By lines changed IBM 207215 18.1% (None) 129998 11.4% Red Hat 109970 9.6% (Unknown) 108878 9.5% Nokia 52022 4.5% Novell 49944 4.4% (Consultant) 46529 4.1% Broadcom 43438 3.8% Atheros 38212 3.3% Movial 35439 3.1% Intel 32887 2.9% Freescale 25511 2.2% SGI 23444 2.0% Marvell 20967 1.8% Renesas Technology 15723 1.4% MIPS Technologies 15701 1.4% Pengutronix 13334 1.2% Atmel 10786 0.9% Analog Devices 10725 0.9% Sun 9176 0.8%
There are not too many surprises in this table - in particular, the list of companies at the top tends not to change very much. That said, a few things are worthy of note. One is that Sun Microsystems has made its first appearance on this list. People complain about this company, but Sun's engineers have been quietly fixing things all over the tree. Broadcom is another company with a mixed reputation in the Linux community, but Broadcom is happy to provide support for some of its network adapters. Nokia's strong showing in the lines-changed table results primarily from the contribution of the UBIFS filesystem.
The most welcome change, though, is the first appearance of Atheros on this list. Atheros is a company which has quickly moved from a position of complete non-cooperation to one of supporting all of its hardware in the mainline kernel. To say that this is an encouraging development would be an understatement.
All told, the 2.6.27 development cycle shows that the process continues at full pace in a seemingly healthy state. Developers from all over the industry are all working together to make the kernel better for all. The number of companies which see participation in the process as being in their interest is growing, as is the number of developers who contribute patches. The Linux kernel, it seems, is in good shape.
One of the kernel projects that seems to be attracting a fair amount of attention these days is the new, copy-on-write filesystem, Btrfs. While still rather immature—the disk format is slated to be finalized by the end of the year—Btrfs has reached a point where lead developer Chris Mason wants to start talking about when to merge it into the mainline. Some are advocating moving quickly, while others are a bit more skeptical that merging it will lead to faster development.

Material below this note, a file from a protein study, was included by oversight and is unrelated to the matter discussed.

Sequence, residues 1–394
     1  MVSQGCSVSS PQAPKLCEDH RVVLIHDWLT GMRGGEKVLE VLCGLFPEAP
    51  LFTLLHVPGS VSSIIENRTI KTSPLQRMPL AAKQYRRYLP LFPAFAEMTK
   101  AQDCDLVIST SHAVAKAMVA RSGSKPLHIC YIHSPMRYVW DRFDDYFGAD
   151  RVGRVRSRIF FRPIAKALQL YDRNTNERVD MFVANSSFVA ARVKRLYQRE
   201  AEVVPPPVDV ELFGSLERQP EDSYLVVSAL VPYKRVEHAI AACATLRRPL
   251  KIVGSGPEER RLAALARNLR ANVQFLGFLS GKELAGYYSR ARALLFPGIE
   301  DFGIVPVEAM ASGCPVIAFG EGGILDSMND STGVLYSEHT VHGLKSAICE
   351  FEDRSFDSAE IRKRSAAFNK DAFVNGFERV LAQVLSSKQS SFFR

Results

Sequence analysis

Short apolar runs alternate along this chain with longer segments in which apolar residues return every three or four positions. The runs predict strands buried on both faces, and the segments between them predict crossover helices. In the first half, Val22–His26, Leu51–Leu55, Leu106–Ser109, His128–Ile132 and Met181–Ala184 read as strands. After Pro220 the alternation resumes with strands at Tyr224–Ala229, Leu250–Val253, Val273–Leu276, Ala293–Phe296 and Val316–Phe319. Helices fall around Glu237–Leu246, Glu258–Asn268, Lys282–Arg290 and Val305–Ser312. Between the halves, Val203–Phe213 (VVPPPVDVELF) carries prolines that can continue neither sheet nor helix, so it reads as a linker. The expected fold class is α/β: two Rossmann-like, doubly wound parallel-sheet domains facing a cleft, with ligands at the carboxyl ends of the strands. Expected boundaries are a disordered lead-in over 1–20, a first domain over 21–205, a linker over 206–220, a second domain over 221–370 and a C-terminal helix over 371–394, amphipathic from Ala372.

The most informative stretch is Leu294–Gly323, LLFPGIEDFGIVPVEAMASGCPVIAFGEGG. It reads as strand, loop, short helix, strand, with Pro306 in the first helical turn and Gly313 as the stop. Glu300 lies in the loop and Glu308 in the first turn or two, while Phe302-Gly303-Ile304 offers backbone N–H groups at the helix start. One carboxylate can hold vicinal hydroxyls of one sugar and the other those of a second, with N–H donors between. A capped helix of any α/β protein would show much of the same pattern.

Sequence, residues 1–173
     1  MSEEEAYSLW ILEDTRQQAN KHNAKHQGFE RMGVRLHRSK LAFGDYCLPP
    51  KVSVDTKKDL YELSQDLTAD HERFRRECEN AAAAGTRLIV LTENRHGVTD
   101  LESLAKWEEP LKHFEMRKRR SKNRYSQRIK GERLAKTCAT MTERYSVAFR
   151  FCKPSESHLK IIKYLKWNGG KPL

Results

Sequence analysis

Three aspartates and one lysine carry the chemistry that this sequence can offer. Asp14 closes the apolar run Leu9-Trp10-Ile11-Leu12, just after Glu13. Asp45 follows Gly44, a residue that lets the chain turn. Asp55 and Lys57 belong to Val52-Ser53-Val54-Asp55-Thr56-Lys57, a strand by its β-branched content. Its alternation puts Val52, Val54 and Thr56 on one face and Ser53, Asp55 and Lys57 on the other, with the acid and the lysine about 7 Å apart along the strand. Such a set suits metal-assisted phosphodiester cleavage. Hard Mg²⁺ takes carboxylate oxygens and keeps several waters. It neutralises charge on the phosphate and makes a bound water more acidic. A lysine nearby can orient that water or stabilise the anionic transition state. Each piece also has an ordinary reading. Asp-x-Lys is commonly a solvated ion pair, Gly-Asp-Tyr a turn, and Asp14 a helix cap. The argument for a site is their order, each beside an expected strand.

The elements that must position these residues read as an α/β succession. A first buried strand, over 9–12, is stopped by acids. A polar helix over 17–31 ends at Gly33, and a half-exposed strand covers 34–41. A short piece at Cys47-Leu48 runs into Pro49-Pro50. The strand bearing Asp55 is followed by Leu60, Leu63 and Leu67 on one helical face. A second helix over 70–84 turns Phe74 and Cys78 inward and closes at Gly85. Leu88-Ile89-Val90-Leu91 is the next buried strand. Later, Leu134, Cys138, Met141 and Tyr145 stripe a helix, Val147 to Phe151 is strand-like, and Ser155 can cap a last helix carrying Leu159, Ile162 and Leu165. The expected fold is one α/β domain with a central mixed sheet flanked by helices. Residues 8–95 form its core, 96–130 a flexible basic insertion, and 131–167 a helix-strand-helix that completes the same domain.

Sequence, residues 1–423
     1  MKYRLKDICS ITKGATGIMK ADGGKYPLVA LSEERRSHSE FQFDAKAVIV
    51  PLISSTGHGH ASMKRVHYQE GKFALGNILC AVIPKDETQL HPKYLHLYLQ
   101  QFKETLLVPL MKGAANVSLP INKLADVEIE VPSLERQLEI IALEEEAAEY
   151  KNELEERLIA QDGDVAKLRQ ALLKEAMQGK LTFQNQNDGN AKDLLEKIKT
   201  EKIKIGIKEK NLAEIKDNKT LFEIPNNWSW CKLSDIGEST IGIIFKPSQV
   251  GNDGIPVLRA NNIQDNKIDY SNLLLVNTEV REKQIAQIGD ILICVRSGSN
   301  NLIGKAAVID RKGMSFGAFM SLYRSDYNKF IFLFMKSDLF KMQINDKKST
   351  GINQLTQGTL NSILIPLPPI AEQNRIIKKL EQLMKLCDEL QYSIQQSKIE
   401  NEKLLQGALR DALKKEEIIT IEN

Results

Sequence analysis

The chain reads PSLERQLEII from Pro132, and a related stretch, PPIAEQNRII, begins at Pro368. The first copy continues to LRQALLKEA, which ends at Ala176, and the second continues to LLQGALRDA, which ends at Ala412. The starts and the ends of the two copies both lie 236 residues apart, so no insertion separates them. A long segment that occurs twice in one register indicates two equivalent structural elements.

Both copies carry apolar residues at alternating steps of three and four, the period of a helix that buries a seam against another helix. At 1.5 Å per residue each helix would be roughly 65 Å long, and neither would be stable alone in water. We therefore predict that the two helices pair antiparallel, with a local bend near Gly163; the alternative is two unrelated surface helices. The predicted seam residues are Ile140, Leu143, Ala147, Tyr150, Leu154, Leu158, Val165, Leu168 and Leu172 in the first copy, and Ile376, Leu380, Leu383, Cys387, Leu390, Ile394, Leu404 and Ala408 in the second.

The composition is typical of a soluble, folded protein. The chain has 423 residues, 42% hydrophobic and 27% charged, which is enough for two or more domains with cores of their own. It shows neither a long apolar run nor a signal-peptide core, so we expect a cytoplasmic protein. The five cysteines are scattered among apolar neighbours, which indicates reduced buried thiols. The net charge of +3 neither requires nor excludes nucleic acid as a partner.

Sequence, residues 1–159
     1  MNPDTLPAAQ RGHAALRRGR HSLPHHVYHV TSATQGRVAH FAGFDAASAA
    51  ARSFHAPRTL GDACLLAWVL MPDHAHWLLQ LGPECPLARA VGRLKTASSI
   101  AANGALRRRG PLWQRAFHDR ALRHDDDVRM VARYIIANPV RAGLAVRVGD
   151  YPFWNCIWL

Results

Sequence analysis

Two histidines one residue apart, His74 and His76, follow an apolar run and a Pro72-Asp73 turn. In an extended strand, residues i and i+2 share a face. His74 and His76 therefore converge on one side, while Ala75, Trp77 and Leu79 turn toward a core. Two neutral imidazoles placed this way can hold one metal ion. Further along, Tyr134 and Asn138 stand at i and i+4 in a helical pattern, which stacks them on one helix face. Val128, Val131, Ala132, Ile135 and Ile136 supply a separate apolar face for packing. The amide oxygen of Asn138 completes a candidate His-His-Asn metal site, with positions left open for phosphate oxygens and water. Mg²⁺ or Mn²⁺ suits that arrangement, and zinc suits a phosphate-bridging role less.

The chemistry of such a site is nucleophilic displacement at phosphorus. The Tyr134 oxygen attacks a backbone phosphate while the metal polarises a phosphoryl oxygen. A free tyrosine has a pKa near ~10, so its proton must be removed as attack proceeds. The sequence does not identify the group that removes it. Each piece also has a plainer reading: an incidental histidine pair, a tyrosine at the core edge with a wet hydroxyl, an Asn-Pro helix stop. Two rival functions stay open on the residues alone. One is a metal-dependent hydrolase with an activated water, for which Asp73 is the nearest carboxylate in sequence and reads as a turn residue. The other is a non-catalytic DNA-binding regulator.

Merging Btrfs would have a number of advantages, but more eyes is what Mason is seeking:
The Btrfs developers are committed to making the FS work and to working well within the kernel community. I think everyone will be happier with the final result if I am able to attract eyeballs as early as possible.
Typically, kernel code is not merged until it is ready, but an argument can be made that filesystems, like device drivers, are sufficiently isolated from the rest of the kernel that an early inclusion will do little harm. Also, a kind of precedent was set by the early "merge" of ext4, though that was an evolution of the existing ext3 filesystem, while Btrfs is entirely new. Andrew Morton has been encouraging Mason to get Btrfs "into linux-next asap and merge it into 2.6.29." He describes his reasoning:
For various reasons this approach often isn't appropriate as a general policy thing, but I do think that Linux has needed a new local filesystem for some time, and btrfs might be The One, and hence is worth a bit of special-case treatment.
Adrian Bunk is not convinced that an early merge will bring the benefits that Morton is touting. He points to an early ext4 development plan, noting that the timelines outlined in that message were, perhaps, overly optimistic. "When comparing with what happened in reality it kinda disproves your 'acceleration' point."
There is a difference, though, between ext4 and Btrfs, that Serge Hallyn points out:
The original timeline showed mid-2007 as a target for a stable ext4 filesystem, but the project overshot that by a year or so. A recent patch proposes renaming ext4dev to ext4 because it "is getting stable enough that it's time to drop the 'dev' prefix." Unexpected difficulties led to ext4 development taking longer, as Mason describes:
Many seem to think that Btrfs is different, but it still has a ways to go. Currently, it does not handle I/O errors very well, while running out of space on the disk can be fatal. But it is getting close to usable—at least for testing and benchmarking. Getting the code into the mainline would cause more folks to look at it, as well as test various filesystem changes against it. Mason gives an example of how that can work: